A very strange story of out Florida, courtesy of the inimitable Howard Bashman. The story goes thusly:
The underlying case began as an appeal from a criminal conviction. The appeal was originally argued before a panel that ultimately decided by a vote of 2-1 to overturn the conviction. Before that ruling was issued to the parties and docketed, the decision was circulated within the appellate court to all active judges. At that point, a majority of the non-recused active judges voted in favor of rehearing en banc.
Following rehearing en banc, the full appellate court voted 10-4 in favor of affirming the convictions. The defendant asked the appellate court to certify for review by the Florida Supreme Court the question whether specific guideposts should exist for determining whether and how a case should qualify for en banc review at the behest of an intermediate appellate court’s judges. In June 2006, the appellate court denied the criminal defendant’s request to certify issues for review by Florida’s highest court.
When denying the request for certification, the Court of Appeal issued a per curiam opinion providing reasons for the denial. In addition, Judge Michael E. Allen issued a concurring opinion in which he explained why he voted for rehearing en banc. Allen wrote that he concluded that one of the judges in the majority on the original panel had made a mistake in failing to recuse because published press reports and that judge’s own background gave rise to an appearance of partiality. In his concurring opinion, Allen quoted in full three separate news reports to support the assertion that an appearance of partiality existed.
The Florida Judicial Qualifications Commission instituted disciplinary proceedings against Judge Allen.
Last year the JQC accused Allen of conduct unbecoming a judge because he criticized fellow judge Charles J. Kahn Jr. in an opinion upholding the bribery conviction of former Senate President W.D. Childers.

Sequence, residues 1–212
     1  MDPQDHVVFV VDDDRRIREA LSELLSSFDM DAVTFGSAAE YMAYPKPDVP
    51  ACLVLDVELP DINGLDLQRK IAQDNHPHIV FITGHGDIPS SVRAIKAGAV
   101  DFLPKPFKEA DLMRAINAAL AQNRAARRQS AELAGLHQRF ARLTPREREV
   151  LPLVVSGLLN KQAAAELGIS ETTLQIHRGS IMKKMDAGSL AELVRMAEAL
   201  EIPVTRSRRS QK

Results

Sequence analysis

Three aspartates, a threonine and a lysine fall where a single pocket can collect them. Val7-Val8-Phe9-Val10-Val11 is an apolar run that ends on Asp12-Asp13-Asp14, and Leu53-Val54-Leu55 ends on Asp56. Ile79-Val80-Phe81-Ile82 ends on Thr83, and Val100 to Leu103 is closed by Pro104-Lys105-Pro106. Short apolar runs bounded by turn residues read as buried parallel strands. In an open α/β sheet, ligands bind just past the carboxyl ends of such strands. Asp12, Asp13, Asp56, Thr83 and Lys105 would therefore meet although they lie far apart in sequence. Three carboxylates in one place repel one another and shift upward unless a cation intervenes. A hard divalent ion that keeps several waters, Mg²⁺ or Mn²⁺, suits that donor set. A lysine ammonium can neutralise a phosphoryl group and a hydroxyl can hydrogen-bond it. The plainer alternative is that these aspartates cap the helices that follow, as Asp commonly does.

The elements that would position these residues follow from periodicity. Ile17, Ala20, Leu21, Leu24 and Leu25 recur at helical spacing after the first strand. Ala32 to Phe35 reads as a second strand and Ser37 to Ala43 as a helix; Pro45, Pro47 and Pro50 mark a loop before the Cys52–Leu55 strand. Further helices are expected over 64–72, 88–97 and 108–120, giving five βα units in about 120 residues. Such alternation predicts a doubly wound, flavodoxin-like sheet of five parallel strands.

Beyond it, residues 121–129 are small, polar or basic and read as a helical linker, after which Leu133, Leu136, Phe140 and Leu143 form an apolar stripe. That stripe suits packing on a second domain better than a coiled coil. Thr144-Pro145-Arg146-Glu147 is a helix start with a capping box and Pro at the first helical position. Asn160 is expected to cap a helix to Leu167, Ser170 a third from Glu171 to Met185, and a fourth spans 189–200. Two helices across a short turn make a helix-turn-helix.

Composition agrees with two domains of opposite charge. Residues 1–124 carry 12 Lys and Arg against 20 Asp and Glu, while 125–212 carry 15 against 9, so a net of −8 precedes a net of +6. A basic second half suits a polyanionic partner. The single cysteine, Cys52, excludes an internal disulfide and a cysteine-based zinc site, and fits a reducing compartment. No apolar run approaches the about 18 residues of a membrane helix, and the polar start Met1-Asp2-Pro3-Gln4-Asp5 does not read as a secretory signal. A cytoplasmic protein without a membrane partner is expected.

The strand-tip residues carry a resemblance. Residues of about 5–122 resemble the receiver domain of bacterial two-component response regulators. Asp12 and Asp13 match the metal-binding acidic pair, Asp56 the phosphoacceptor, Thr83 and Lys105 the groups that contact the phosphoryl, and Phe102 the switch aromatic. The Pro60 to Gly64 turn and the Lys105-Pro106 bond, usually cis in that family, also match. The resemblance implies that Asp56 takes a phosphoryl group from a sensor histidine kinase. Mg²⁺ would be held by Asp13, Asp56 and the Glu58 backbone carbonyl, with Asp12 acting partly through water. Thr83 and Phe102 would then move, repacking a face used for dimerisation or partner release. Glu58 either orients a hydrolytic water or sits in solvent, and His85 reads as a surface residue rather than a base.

Just weeks before Allen was to face a JQC trial last month, the commission added more charges, accusing Allen of lying to the JQC about his motive for writing the opinion when he denied that he harbored extreme animosity toward Kahn.
Judge Allen’s Quo Warranto Petition is available here. Bashman has an excellent analysis of the absurdity of these “charges” here. This is certainly unprecedented. His concurring opinion was certainly relevant to the issue sought to be certified. The JQC seeks to discipline a judge based on his reasons for writing a decision. Under the right circumstances, it seems like a plausible cause of action. However, I doubt these circumstances are those.
“It is hard to imagine a proceeding with more potential for damaging the public perception of the judiciary, or one more disruptive, inappropriate and destructive of judicial independence than the journey into judicial minds proposed by the JQC effort to divine the reason for Judge Allen’s concurring opinion in the Childers case,” [Judge Allen’s lawyer] Rogow said.
I have never read an appellate decision and thought “this judge should be disciplined!”. I have certainly disagreed with many appellate decisions, but I have never thought to questions the judge’s motives for writing it. It certainly was an abnormal concurring opinion, but one that certainly was not unethical in my opinion. Do you disagree?